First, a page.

So logically there is no economy - there is technological development and within that land, labour, capital, and the human organsation of those activities - which we call the economy). Well ok to say there is no economy is pushing it - but the economy becomes a subset of technology not the other way around.

The point is technology can not be reduced to mere hard objects and tools. As Lipsey reveals that quickly runs into problems so he includes organisational systems and  process technologies.

So just to make the point...

Land - rare earth minerals are dirt with a use (a thing they can be used in), a way of processing them and a way of transporting them.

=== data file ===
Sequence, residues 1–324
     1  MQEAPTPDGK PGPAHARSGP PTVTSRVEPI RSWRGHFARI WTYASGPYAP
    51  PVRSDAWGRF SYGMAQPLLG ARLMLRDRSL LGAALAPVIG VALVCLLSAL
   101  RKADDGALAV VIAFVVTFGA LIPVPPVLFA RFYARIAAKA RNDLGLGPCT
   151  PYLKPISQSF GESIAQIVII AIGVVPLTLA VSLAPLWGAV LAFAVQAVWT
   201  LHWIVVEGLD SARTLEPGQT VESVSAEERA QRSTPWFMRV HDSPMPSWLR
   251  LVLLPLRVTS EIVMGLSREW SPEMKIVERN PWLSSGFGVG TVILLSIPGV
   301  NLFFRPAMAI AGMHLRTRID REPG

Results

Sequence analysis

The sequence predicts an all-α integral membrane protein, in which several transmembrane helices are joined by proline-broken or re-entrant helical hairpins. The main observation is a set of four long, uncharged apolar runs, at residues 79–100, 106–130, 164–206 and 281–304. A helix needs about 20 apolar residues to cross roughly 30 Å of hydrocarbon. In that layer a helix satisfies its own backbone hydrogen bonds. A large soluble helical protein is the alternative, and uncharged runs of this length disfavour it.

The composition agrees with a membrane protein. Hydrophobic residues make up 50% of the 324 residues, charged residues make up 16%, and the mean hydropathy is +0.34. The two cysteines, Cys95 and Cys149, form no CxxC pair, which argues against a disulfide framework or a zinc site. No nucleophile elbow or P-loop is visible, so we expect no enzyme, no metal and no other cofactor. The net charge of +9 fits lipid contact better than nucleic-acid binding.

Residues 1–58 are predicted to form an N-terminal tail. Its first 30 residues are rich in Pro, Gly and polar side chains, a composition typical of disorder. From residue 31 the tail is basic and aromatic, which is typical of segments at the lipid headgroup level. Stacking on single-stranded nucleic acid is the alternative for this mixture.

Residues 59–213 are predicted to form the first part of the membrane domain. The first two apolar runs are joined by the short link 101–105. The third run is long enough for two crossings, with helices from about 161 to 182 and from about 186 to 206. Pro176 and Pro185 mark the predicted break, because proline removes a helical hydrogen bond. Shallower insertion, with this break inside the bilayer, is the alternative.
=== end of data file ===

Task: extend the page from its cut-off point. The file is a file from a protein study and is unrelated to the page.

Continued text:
Okay so you might argue that that is a modern example. Here is one from the first nations people of British Columbia who used to trade along the east coast of North America. They could use cedar trees (requiring a device to carve the timber), to form boxes by bending a single piece of timber. Pretty smart technology. They would trade their wares travelling by canoe at least the entire cast of what is now Bitish Columbia.

Labour - clearly labour only has meaning in relation to set of interdependent technology systems that it is performed within.

So perhaps instead of using the word economy to discuss the dynamics of a particular period of history including our own we should start using a word like hmmm techno....